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You Christians eat your own, Always have always will.

Thoughts?



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I didn't plan to care about Ted Haggard. After all, I have access to Google and a Bible. I heard about what he did and knew it was wrong. I saw the clips from the news and the HBO documentary about his life after his fall. I honestly felt bad for him but figured it was his own undoing. When the topic came up with others I know in ministry, we would feign sadness, but inside we couldn't care less. One close friend said he would understand it more if Ted had just sinned with a woman. I agreed with him at the time. It's amazing how much more mercy I give to people who struggle with sins I understand. The further their sin is from my own personal struggles, the more judgmental and callous I become. I'm not proud of that. It's just where I was at that time in my walk. But that all changed in one short afternoon.

Eating our own

A while back I was having a business lunch at a sports bar in the Denver area with a close atheist friend. He's a great guy and a very deep thinker. During lunch, he pointed at the large TV screen on the wall. It was set to a channel recapping Ted's fall. He pointed his finger at the HD and said, "That is the reason I will not become a Christian. Many of the things you say make sense, Mike, but that's what keeps me away."

It was well after the story had died down, so I had to study the screen to see what my friend was talking about. I assumed he was referring to Ted's hypocrisy. "Hey man, not all of us do things like that," I responded. He laughed and said, "Michael, you just proved my point. See, that guy said sorry a long time ago. Even his wife and kids stayed and forgave him, but all you Christians still seem to hate him. You guys can't forgive him and let him back into your good graces. Every time you talk to me about God, you explain that he will take me as I am. You say he forgives all my failures and will restore my hope, and as long as I stay outside the church, you say God wants to forgive me. But that guy failed while he was one of you, and most of you are still vicious to him." Then he uttered words that left me reeling: "You Christians eat your own. Always have. Always will."

Change of heart

He was running late for a meeting and had to take off. I, however, could barely move. I studied the TV and read the caption as a well-known religious leader kept shoveling dirt on a man who had admitted he was unclean. And at that moment, my heart started to change. I began to distance myself from my previously harsh statements and tried to understand what Ted and his family must have been through. When I brought up the topic to other men and women I love and respect, the very mention of Haggard's name made our conversations toxic. Their reactions were visceral.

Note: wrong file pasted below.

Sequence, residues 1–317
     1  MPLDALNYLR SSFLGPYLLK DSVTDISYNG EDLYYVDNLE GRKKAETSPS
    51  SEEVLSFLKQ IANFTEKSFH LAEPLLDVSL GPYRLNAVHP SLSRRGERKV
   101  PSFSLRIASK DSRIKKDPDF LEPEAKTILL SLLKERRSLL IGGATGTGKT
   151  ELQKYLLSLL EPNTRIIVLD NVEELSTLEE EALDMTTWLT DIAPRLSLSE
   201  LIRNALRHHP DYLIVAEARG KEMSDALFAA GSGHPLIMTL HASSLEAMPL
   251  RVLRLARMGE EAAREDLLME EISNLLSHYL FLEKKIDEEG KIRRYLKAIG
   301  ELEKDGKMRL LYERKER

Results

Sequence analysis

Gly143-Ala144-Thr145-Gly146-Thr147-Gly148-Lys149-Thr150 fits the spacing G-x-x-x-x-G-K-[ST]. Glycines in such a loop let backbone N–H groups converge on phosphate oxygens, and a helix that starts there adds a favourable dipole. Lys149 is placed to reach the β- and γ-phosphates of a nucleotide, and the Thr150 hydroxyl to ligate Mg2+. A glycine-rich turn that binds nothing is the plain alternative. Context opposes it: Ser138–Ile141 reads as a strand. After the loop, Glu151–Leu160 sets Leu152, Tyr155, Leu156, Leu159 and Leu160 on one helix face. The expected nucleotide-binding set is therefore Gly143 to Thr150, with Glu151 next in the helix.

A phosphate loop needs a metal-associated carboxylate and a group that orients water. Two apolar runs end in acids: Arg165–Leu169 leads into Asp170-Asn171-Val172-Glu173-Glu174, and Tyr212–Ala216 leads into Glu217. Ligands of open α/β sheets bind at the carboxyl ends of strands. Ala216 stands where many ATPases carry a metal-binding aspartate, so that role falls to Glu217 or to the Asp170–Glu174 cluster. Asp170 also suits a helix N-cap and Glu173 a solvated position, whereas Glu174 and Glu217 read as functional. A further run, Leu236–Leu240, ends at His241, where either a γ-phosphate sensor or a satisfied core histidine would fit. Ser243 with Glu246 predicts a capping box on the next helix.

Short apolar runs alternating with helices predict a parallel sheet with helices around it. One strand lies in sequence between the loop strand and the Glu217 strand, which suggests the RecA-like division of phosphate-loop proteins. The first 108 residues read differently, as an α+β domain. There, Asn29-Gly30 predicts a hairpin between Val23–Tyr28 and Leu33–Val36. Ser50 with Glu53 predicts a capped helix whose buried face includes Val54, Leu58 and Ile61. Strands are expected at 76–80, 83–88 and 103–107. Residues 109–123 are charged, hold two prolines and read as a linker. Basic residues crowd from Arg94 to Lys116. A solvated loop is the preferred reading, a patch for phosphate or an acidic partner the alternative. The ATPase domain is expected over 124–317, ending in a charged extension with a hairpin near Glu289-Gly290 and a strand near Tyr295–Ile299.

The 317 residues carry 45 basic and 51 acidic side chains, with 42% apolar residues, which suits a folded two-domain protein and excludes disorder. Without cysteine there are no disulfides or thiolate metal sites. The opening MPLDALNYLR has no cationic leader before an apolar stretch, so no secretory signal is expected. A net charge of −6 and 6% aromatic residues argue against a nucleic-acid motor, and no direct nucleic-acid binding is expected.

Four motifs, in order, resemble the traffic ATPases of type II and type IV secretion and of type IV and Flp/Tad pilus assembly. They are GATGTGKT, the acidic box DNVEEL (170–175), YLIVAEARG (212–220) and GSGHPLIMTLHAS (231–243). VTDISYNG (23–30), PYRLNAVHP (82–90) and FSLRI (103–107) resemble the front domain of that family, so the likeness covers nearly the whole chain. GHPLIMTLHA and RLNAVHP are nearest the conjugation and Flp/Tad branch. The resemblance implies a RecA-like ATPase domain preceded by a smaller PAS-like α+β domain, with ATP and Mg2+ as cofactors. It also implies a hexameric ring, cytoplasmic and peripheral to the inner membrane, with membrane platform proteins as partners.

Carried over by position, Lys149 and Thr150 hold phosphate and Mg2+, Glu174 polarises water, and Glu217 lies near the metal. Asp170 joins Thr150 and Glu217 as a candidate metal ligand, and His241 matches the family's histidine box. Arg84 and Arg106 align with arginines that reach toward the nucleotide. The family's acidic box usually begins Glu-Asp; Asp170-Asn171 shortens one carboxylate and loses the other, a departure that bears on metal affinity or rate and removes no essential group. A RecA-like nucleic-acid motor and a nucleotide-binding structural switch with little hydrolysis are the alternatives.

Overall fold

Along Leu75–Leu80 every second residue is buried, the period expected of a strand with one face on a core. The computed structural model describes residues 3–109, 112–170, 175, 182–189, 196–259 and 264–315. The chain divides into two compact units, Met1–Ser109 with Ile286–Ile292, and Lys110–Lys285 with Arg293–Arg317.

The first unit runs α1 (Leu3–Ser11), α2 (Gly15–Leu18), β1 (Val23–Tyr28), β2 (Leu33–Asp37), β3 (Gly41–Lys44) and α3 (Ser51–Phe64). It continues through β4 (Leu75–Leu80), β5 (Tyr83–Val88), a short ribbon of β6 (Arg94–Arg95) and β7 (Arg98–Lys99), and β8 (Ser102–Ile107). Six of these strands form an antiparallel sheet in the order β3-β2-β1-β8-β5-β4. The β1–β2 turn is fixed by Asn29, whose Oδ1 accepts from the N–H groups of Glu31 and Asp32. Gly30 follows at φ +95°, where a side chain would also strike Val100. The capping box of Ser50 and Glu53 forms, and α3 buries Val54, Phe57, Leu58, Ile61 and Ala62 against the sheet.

Please understand, this isn't just my experience. Just Google his name and read what is said about him in Christian circles. Most Christians would say God can forgive him, but almost universally people agree that God will never use him again. When I pressed the question, "Why can't God still use Ted?" I was dismissed as foolish or silly. Most of these people got mad and demanded I drop the subject. Perhaps they saw something I was missing, but this response seemed strange. After all, I reasoned, Jesus restored Peter after he denied Christ. That's a pretty big deal. And what about the Scripture that teaches us that the gifts and callings of God are irrevocable? So I felt I needed to meet Ted for myself. So I had my assistant track him down for a lunch appointment. I live outside Denver and he was living in Colorado Springs, a little over an hour away. Perfect!

We exchanged a few emails and agreed on a date and a restaurant. I took two men from my staff, and we met him for lunch. All the way there, I quietly played out in my head how he would act. Would he be reserved? Sad? Angry or distant?

Surprised by friendship

In less than five minutes of talking with Ted, I realized a horrible truth—I liked him. He was brutally honest about his failures. He was excited that the only people who would talk to him now were the truly broken and hurt. During our conversation a lady approached him. He instantly went into "pastor mode" and cared for her. Deep inside God was teaching me that true salvation is an ongoing process. We spent two hours together and decided to stay in touch. I began to call and ask him church-related questions. He possesses a wealth of wisdom. He even has a growing church in the very city that knows him for his biggest failures. I thought I had it tough as a church planter! But God is causing his church to really grow. I met his wonderful wife, Gayle. She is a terrific teacher of grace and one of my heroes. When I grow up, I want to be Gayle Haggard. And so I became close friends with Ted Haggard.